In 2018, country music and Americana artists will have a new outdoor UK festival destination, when Black Deer Festival takes place in East Sussex, England, from July 20-22.
The three-day festival will take place on the grounds of one of Britain’s oldest deer parks, Eridge Park in East Sussex. The 3,000-acre estate is surrounded by woodlands, open lakes, rolling hills, and is conveniently located a mere 50 minutes from London by train.
Entertee Events, led by Gill Tee and Deborah Shilling, producers of the 100,000-capacity Party In The Park at London’s Hyde Park as well as the Hop Farm Festival in Kent, England, will oversee the Black Deer Festival. Entertee clients include Live Nation and AEG. Tee and Shilling, along with Colin Lloyd, who oversees financing for the endeavor, are in Nashville this week, talking up the festival with agents, organizations and managers, and are continuing to book artists for the event. They have been working on the festival for the past year.
“To give proper homage to Nashville, we had to come here,” Lloyd tells MusicRow.
The Black Deer Festival will host nearly 50 artist performances across five stages, offering a mix of country, Americana, and UK-based country artists. Headliners will be announced at a later date.
Lloyd estimates 10,000 attendees for Black Deer’s first year, though he says there is room to grow the festival up to 30,000 attendees.
“Everyone is getting exciting about it,” Lloyd says. “The whole country genre is right on the cusp of making a huge breakthrough in the UK market.”
He also took inspiration from the success of the Country Music Association’s C2C: Country 2 Country Festival, though he notes a key difference between the two: While C2C is an arena festival, Black Deer will be an outdoor festival. Other major country music draws in the area include the recently-announced Country Music Week, a series of indoor concerts slated for October 2017, from the same organizers as the C2C: Country 2 Country Festival.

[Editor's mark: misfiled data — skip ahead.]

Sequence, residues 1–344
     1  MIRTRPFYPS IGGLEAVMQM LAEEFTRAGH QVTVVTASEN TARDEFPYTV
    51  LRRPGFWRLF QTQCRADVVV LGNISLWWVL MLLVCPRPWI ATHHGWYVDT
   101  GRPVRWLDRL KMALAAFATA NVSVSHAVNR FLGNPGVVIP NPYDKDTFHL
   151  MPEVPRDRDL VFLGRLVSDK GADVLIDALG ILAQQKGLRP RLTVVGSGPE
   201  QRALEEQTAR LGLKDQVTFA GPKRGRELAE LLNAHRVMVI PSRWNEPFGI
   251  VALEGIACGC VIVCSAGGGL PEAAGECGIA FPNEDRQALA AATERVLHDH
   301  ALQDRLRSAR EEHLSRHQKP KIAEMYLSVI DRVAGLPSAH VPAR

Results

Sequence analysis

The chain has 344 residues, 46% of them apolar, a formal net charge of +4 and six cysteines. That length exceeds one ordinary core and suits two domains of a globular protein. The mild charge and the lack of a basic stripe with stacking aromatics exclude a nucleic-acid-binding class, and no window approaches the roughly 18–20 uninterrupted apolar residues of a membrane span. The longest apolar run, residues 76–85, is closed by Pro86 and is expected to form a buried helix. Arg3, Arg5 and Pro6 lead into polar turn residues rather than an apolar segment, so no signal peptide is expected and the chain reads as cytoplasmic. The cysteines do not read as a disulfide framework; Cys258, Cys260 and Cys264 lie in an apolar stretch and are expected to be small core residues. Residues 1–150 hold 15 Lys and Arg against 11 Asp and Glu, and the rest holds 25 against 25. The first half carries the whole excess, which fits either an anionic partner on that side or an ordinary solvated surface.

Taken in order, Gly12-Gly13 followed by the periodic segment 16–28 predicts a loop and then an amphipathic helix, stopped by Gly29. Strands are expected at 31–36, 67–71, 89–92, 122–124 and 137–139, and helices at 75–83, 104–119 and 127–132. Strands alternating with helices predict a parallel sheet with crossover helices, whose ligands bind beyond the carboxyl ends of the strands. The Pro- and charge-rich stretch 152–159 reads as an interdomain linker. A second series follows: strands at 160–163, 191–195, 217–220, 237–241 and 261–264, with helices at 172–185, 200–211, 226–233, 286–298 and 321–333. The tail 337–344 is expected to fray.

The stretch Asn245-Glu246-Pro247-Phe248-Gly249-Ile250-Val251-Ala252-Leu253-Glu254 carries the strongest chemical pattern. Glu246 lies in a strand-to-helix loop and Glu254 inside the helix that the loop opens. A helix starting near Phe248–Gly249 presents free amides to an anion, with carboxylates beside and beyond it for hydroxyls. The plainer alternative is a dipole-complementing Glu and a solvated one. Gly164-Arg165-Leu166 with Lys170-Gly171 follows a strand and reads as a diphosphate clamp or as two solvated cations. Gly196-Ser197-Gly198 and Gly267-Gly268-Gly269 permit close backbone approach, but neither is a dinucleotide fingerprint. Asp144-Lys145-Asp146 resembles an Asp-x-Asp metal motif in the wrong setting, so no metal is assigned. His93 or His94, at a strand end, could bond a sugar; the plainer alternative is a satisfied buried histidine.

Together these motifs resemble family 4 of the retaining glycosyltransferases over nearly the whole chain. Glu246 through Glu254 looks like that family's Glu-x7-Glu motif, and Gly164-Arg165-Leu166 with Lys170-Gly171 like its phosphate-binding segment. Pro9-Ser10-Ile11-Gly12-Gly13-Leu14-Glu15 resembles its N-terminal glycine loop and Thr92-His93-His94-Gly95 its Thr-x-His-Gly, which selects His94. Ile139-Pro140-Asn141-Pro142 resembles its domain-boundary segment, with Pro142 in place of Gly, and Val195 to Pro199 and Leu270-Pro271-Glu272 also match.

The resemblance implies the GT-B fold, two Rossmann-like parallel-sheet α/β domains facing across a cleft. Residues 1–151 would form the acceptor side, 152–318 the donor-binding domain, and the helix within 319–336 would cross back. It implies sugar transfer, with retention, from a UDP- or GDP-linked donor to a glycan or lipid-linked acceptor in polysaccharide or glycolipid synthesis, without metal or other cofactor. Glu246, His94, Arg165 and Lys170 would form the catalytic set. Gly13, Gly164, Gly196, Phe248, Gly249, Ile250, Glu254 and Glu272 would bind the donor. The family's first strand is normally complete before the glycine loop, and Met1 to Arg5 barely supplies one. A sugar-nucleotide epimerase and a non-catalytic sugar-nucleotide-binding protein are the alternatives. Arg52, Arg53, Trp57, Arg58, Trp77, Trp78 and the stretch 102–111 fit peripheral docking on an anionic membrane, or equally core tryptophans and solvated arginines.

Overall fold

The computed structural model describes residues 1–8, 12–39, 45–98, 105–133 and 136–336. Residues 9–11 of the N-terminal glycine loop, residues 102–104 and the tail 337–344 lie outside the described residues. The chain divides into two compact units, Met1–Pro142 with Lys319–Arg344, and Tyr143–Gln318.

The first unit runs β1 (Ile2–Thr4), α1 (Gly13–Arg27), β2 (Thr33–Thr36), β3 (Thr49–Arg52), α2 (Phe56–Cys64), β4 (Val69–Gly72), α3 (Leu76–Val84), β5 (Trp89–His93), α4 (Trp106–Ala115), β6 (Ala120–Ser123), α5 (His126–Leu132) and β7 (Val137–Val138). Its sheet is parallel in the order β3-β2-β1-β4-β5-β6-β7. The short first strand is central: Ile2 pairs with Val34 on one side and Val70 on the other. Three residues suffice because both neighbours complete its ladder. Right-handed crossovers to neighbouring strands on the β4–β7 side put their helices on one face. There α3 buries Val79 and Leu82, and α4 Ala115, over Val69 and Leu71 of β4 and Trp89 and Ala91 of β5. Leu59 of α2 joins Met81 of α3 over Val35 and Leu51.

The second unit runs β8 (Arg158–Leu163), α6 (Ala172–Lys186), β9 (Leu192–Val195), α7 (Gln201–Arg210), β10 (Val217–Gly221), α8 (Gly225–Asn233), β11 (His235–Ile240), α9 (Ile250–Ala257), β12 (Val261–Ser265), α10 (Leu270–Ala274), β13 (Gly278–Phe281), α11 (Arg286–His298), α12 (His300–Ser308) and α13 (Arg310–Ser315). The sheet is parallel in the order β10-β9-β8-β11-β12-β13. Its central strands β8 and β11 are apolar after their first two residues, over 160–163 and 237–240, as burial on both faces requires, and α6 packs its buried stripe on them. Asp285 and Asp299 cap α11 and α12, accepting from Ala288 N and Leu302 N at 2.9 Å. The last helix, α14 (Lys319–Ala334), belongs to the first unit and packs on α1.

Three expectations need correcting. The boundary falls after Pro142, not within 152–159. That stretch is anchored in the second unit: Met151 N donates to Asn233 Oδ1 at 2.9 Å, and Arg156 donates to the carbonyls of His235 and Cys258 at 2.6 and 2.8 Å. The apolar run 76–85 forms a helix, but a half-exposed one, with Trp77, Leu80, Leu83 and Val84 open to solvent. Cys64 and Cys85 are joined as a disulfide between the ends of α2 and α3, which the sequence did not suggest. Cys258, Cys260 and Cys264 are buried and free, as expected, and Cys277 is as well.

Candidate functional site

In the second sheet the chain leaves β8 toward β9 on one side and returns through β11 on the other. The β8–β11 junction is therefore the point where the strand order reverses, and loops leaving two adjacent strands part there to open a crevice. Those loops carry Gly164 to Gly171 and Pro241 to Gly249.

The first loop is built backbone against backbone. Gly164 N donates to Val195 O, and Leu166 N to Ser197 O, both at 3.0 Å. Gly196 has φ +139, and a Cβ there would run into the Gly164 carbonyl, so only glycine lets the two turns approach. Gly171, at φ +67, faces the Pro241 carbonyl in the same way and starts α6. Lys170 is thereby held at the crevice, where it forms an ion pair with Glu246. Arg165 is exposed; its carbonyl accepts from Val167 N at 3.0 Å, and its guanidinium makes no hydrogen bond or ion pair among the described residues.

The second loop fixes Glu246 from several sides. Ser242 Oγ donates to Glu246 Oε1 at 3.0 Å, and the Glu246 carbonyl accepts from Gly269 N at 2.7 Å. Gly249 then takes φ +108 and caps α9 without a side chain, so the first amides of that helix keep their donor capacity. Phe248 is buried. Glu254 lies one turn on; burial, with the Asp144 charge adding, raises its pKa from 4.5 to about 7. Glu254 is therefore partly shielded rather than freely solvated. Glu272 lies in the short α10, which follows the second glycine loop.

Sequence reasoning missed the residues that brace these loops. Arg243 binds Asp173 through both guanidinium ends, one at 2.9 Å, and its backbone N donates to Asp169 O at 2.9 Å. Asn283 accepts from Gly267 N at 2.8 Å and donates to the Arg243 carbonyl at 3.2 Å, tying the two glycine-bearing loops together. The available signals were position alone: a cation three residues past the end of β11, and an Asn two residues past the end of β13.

Food will also be an important part of the festival. Lloyd says there are plans to include custom fare from UK chefs. “We want to bring interesting food, not the normal fried and packaged foods. We want it to be more genuine.”
The five stages will include a songwriter’s stage and a children’s stage. “While here in Nashville, we hope to experience the Bluebird Café and we visited Whiskey Jam. I love the idea of bringing those ideas to our festival,” Lloyd says.
“It will be a family-friendly event, we think family is very important as well, with camping and ‘glamping’ and all the things that go with it. But we want to make it a bit edgy. It’s not just country music, but a bit edgier country as well which is where we think the UK market is at.”
Data shows the UK market is ripe for more country music performances. Country music is one of the fastest-growing genres in the UK. 30 million concertgoers attended a music festival in the UK in 2015. There are more than 1,000 annual commercial music festivals held in the UK annually.
“There’s just a wonderful array of fantastic talent in [Nashville] and we hope to encourage some of them to come to the UK and enjoy one of the most beautiful parts of the world,” Lloyd says. “We want to give the artists the best time of their lives. We want them to go home and say, ‘That was fantastic. Let’s go back.’”
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